Mouse-ear Hawkweed

┬ęSteve Chilton

Mouse-ear hawkweed

+ -
Scientific name: Pilosella officinarum
Looking a bit like a ragged version of a dandelion, Mouse-ear hawkweed has lemon-yellow flower heads that are tinged with red at their outer edges. It likes grassy places with short turf and chalky soils.

Top facts

Stats

Height: up to 25cm

Conservation status

Common.

When to see

May to October

About

Mouse-ear hawkweed is a spreading plant of dry grasslands with short turf and chalky soils, such as those of sand dunes, heaths, clifftops and chalk downlands. Looking a bit like a ragged version of its relative, the Common dandelion, its lemon-yellow flower heads are a composite of lots of tiny flowers. These flower heads can be seen from May to October and attract a variety of insects. It is sometimes considered an agricultural weed of poor lawns and degraded pastures.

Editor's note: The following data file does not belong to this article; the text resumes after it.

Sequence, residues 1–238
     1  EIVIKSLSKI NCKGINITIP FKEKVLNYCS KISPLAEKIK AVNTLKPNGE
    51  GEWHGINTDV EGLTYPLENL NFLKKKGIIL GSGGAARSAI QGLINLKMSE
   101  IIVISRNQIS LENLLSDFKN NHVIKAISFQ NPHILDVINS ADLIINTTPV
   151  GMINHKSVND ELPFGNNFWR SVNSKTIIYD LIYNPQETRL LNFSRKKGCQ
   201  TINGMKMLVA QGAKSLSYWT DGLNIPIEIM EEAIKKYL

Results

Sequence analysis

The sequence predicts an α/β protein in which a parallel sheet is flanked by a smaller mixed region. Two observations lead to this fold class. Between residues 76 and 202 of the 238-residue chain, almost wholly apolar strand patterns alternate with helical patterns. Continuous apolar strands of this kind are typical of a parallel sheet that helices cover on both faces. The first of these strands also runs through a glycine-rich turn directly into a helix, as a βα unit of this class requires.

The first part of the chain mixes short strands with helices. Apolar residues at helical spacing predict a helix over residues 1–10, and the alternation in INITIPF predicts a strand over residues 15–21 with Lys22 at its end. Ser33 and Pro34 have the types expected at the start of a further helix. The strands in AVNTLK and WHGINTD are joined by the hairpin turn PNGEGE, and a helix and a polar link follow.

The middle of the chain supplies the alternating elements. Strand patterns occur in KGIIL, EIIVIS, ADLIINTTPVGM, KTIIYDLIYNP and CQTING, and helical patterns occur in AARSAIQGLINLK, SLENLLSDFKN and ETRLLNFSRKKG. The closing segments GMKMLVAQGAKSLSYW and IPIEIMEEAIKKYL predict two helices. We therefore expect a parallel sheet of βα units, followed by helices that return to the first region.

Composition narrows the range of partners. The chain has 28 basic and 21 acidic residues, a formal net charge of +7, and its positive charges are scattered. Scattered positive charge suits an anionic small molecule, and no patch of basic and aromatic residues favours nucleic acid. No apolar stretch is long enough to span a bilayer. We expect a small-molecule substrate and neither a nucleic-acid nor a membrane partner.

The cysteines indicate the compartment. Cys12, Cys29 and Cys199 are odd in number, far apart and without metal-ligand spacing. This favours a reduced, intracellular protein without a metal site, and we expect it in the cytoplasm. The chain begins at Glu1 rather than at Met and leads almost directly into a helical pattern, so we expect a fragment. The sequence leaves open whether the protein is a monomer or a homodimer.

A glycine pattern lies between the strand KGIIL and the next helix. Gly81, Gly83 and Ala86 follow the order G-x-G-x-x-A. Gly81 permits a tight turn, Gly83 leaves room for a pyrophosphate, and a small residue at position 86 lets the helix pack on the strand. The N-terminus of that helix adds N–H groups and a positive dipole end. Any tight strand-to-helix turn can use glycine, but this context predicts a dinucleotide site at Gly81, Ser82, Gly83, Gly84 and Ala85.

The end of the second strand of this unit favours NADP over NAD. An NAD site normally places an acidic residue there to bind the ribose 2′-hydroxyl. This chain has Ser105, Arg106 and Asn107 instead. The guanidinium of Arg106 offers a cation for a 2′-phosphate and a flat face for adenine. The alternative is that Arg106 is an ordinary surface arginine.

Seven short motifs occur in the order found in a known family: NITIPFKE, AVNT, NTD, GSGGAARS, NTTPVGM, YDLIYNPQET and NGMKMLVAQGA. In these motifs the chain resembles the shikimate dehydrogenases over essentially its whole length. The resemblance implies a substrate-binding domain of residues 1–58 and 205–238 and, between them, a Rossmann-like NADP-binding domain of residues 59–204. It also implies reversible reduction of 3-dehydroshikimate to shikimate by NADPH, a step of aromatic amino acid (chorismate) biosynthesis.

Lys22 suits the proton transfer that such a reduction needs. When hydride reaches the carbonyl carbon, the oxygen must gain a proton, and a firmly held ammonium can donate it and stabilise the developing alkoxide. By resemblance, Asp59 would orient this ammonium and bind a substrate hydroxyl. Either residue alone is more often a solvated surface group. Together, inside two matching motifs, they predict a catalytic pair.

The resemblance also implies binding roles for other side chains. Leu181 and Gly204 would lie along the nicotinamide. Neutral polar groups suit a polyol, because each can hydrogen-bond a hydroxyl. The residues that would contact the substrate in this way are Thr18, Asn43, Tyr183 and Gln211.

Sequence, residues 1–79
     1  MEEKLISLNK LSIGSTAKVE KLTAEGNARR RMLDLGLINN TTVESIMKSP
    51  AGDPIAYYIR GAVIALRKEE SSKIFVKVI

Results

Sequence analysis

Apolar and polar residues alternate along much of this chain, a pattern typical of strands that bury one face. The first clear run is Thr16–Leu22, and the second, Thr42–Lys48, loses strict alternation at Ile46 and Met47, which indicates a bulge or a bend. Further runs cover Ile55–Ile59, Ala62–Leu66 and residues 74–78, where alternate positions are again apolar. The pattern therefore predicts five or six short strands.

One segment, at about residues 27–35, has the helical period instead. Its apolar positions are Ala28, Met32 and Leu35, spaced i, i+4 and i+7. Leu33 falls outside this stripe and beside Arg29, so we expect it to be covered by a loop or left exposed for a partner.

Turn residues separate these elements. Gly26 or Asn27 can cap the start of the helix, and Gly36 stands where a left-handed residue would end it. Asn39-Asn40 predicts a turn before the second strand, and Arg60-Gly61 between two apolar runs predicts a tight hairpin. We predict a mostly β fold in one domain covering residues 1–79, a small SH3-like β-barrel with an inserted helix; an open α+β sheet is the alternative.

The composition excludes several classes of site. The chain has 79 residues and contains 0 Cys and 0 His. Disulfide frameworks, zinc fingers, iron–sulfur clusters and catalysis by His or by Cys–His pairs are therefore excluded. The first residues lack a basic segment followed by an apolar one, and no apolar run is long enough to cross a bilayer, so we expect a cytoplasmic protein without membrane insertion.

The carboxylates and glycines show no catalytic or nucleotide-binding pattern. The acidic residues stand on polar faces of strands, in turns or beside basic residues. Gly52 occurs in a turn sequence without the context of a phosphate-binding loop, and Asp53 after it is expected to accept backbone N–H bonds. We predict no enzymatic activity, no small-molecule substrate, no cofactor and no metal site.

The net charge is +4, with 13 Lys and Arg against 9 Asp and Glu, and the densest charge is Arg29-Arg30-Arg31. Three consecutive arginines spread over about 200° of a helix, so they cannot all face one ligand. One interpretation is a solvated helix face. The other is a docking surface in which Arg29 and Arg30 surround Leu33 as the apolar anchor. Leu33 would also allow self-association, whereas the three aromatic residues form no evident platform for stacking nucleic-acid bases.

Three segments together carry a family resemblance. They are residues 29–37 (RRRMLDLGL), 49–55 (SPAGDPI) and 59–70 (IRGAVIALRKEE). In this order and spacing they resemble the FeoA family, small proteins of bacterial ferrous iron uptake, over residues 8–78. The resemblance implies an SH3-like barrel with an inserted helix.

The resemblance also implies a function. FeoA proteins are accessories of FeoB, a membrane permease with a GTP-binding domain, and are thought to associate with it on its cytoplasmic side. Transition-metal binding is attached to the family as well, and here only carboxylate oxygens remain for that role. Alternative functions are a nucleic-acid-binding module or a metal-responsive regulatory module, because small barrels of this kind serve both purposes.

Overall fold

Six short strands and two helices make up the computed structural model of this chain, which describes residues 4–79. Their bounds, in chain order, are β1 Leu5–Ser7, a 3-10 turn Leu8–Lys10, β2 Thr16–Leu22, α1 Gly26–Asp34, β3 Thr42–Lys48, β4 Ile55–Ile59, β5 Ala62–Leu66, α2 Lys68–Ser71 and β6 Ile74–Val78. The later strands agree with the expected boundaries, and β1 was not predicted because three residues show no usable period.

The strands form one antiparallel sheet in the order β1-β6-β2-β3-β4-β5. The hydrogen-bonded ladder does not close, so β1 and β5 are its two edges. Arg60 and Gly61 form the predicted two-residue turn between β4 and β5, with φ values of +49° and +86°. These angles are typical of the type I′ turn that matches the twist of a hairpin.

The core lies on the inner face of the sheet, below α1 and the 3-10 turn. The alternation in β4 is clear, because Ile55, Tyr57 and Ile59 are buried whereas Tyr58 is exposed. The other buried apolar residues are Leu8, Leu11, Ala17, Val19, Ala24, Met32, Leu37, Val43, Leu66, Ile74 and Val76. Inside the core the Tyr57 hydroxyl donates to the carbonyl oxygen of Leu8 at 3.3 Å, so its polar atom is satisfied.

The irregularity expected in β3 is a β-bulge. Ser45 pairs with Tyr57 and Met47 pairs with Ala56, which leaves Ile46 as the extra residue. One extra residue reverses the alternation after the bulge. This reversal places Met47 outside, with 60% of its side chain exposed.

What to look for

Mouse-ear hawkweed has lemon-yellow flower heads displaying closely packed florets (tiny flowers); the outer florets are red underneath. Its leaves are spoon-shaped and downy, and form a rosette at the base of the flower stem.

Where to find

Widespread.

Did you know?

Mouse-ear hawkweed has been used in herbal medicine to treat respiratory infections.